Microscopic Science of Nanotechnology Looms Large

H. Lee Moffitt Cancer Center

Even though modern medicine offers earlier detection and more effective treatments than ever before, cancer still kills about four million Americans each year.

Engineers at the University of South Florida and researchers from the H. Lee Moffitt Cancer Center are teaming up to find new ways to improve those statistics.

One approach is to develop medical tools that work on the atomic level within the body. That science is called nanotechnology. Scientists at Moffitt say it can be used to detect cancer earlier, so treatment can begin sooner.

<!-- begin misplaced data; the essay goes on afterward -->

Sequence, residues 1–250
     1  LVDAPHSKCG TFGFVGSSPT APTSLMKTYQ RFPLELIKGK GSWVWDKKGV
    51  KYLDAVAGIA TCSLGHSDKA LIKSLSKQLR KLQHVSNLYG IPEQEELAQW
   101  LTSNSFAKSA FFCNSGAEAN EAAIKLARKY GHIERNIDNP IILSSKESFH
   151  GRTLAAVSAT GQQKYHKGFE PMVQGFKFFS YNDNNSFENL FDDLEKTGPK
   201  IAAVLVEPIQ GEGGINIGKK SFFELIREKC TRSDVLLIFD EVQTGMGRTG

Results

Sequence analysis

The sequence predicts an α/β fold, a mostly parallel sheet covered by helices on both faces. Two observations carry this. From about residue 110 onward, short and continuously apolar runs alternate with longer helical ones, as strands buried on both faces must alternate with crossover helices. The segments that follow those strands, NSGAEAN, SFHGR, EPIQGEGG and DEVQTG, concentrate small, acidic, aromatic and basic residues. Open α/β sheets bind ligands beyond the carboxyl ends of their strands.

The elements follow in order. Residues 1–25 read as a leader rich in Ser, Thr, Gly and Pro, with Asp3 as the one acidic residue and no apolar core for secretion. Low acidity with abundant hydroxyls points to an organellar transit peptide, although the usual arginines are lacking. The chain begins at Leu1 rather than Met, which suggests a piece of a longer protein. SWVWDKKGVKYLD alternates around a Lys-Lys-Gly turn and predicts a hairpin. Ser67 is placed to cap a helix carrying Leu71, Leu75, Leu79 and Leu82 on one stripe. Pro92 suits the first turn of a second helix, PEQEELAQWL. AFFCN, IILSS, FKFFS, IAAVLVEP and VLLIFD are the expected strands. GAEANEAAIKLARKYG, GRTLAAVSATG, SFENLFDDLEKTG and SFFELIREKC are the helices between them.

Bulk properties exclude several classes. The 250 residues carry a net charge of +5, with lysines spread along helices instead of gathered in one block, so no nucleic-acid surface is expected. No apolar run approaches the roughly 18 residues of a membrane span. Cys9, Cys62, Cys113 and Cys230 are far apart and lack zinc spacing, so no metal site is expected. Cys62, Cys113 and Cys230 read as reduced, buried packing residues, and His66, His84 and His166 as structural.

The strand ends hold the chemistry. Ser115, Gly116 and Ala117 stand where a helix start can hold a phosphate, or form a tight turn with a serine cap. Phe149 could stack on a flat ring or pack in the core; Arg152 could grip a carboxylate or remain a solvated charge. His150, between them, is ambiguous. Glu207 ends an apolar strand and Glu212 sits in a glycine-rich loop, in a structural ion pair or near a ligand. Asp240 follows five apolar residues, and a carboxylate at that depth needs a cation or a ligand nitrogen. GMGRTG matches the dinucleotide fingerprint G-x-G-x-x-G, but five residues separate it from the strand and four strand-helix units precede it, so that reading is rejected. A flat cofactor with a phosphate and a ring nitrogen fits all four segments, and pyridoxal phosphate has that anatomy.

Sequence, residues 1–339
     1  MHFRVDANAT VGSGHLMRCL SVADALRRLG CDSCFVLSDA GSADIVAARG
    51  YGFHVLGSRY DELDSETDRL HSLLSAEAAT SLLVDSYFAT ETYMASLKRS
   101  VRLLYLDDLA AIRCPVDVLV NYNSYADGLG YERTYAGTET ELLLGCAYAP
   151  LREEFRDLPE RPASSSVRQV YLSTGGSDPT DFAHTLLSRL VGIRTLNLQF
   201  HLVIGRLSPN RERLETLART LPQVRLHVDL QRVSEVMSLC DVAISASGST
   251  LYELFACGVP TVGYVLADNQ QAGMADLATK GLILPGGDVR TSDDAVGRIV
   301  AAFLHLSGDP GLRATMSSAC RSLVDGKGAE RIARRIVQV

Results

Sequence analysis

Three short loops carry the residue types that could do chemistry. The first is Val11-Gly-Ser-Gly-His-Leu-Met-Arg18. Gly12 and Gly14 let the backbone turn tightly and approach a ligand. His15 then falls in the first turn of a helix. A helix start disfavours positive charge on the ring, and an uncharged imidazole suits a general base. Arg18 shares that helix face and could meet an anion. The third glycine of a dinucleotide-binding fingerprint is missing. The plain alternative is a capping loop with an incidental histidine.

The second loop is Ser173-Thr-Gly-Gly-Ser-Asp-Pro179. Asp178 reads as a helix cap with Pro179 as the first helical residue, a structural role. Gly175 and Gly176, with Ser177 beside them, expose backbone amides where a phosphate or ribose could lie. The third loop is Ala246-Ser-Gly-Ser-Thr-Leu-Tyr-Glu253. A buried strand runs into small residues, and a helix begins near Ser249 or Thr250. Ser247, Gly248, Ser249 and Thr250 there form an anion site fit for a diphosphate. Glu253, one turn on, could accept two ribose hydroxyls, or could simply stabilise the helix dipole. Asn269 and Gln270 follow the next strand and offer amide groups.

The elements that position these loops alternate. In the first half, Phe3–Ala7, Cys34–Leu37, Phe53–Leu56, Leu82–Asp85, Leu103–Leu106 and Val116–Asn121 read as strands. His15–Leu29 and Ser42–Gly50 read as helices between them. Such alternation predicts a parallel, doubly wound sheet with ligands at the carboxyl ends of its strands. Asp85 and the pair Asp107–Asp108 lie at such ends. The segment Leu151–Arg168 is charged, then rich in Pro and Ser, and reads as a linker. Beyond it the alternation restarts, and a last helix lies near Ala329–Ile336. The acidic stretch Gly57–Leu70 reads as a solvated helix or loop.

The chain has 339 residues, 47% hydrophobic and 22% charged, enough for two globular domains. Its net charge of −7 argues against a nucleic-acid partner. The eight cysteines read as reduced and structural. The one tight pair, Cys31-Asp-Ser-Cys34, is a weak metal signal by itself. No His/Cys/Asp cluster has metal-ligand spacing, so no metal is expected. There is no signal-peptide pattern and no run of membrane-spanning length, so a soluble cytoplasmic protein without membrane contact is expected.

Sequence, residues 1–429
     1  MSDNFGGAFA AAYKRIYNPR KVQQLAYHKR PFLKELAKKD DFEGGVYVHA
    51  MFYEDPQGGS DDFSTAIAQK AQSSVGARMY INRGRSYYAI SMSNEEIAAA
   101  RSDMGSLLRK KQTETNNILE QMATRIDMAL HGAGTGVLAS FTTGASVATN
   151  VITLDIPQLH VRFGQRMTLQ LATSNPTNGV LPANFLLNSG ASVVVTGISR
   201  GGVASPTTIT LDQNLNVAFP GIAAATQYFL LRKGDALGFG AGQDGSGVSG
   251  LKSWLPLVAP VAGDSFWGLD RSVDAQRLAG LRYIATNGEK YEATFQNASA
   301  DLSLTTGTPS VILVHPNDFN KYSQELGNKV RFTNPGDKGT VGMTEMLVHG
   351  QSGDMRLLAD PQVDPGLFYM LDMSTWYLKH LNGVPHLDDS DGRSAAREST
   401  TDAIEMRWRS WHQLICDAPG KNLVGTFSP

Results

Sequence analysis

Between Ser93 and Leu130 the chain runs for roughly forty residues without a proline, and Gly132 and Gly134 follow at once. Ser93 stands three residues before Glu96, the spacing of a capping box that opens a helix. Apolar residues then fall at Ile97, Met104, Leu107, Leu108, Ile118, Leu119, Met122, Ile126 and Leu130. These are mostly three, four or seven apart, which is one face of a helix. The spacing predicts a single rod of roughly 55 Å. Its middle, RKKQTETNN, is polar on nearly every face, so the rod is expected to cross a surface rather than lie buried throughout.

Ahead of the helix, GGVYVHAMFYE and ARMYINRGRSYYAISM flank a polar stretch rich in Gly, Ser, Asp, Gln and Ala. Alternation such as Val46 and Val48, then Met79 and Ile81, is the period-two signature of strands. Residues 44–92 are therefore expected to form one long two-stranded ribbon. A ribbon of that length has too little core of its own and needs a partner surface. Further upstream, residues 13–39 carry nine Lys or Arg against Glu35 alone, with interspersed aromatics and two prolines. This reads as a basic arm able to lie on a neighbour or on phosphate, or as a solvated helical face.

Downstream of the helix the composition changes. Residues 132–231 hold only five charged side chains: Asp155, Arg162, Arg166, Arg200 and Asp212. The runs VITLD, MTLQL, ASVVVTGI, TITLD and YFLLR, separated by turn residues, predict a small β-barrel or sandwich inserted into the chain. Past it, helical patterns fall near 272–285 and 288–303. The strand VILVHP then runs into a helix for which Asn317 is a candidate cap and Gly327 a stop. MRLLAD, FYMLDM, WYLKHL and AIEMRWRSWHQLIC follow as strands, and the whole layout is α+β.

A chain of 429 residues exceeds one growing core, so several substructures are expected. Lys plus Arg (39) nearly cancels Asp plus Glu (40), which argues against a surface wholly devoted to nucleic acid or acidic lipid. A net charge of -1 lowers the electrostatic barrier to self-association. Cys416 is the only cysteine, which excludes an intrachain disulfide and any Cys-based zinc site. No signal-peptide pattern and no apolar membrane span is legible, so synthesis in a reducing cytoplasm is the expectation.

Michael Kovac is leading the nanotechnology research at USF. He says that one benefit may be the ability to put the power of cancer detection in the hands of consumers.

KOVAC: We've talked about the possibility of going to Wal-Mart and getting, in 10 years, a kit that you can do a diagnosis for cancer.

Other uses of nanotechnology in fighting cancer include developing drugs that target only cancer cells, leaving healthy cells alone.

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